RW:  The outbreak in India (and now S. America) is more advanced than in other places.  The pandemic will also affect how other health problems are addressed.  It will have a devastating effect because the consequences of any lockdown undertaken will affect a much greater proportion of the population in places where people need to be out and about on a daily basis to have money and food.  Specific strategies have to be designed for those places – it does not seem right that those policies that were developed and implemented in China and Singapore should be transplanted to Peru or Zambia.  And the best strategies will be those that are designed locally, and with the participation and compliance of the affected population.  It’s a tall order.

From all your past research and planning, what do you anticipate may be the secondary impacts in terms of people no longer receiving treatment or hospital care for other conditions, for example in Africa or Asia?

RW:  In fact, I would go a step further.  I would expect the secondary impacts to be greater than the immediate health outcomes.  I would say there is extremely little vaccination taking place right now because of the pandemic.  I would expect to see new outbreaks of measles as a result.  There may be outbreaks of meningitis, and so forth, down the line.  I think in terms of maternal mortality, we will see an increased proportion of babies born at home and not in facilities, with the neonates not getting adequate attention.  Domestic violence is undoubtedly going to increase.

These extra health problems are further neglected as donors, such as Mr. Gates and others, are both urging and acting to transform everything they do and fund to be COVID-19 specific.  Some public health experts are concerned or very critical of this trend.

So, companies like Abbott are no longer making malaria diagnostics, as they focus instead on COVID-19.   HIV testing is grinding to a halt as those companies are moving to COVID-19 technologies.

What are your thoughts about how the pandemic is being measured?

RW:  It’s a problem with COVID-19 reporting.  I can’t get very excited about the numbers coming out.  The distribution is heterogeneous.  There are places within countries that are not represented at all by the numbers.   The US has had for the last few weeks a plateau of about 30,000 cases a day.  But that obscures that it’s growing in 30 states.

Even in Portugal, on the downside of the curve, most of the cases are in the country’s north.  Although the whole place is on lockdown.  The distribution is uneven.  You can’t say one place is like this and another like that.

How well might the Red Cross Movement – the IFRC in particular – contribute?

RW:  There is a reasonable model for pandemic preparedness and control, which is a major thrust of the International Federation of Red Cross and Red Crescent Societies (IFRC).   IFRC is implementing in 8 countries in Africa, and now they are going to expand their community Pandemic Preparedness Program (CP3) which is, by the way, funded for the most part by the US Government.   It’s in Mali, Guinea, Sierra Leone, Cameroon, Kenya, and a few others.  It’s an effective model because the Red Cross works at multiple levels, including the existing volunteer component at the village level, and each level up from there with the governments.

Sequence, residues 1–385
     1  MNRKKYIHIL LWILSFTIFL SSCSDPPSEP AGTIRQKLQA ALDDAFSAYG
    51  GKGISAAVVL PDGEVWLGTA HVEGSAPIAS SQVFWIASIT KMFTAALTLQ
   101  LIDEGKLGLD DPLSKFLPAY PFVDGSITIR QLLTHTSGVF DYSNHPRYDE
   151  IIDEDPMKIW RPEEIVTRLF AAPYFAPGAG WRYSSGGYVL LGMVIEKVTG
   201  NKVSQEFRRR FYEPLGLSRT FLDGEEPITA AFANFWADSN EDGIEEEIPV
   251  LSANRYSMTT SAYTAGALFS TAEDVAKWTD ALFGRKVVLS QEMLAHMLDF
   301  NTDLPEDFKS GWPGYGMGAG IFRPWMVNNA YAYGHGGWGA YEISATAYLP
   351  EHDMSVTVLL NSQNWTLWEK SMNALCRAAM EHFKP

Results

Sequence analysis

They have volunteers in every village.  They can take and apply a broad strategy from Geneva and adapt to the local level.  It needs to be passed on from generation to generation.

What do you think may be new problems in international health in emergencies that could arise, such as in malnutrition?

RW:  I would be waiting to see whether under-nutrition increases as a result of job losses and other impacts on income generation (self-employment, remittances, etc.).  The biggest problem with nutrition is if it is an underlying risk factor for severe COVID-19.  There are a number of publications that indicate that obesity is a clear risk factor for severe disease, independent of diabetes and age.  There is literature, and anecdotes about that.  But it isn’t known yet whether under-nutrition is in any way a contributing factor to severe disease.

Above that, how much of the immune reaction to this virus, especially in children, is hyper-immunity, so-called cytokine storm, in which case malnutrition may even be protective, in that it would blunt a hyper-immune event.

The social consequences of the COVID-19 outbreak may be greater than in other places.  India has major nutritional problems, exacerbated by COVID-19.

The nutrition problem in Yemen was so dramatic before COVID-19, it can only be made much worse.  Yemen is a good case in point about COVID-19, which is that a lot of the national strategies for control seem to be more or less cut and pasted from a generic WHO approach, with a focus on case management, expansion of intensive care facilities, and the procurement and distribution of mechanical ventilators.  The other side is testing, isolating, and quarantining contacts of cases.  It makes no sense to me that countries like Yemen should be adopting that kind of approach.  A modified approach should address an active war zone facing famine.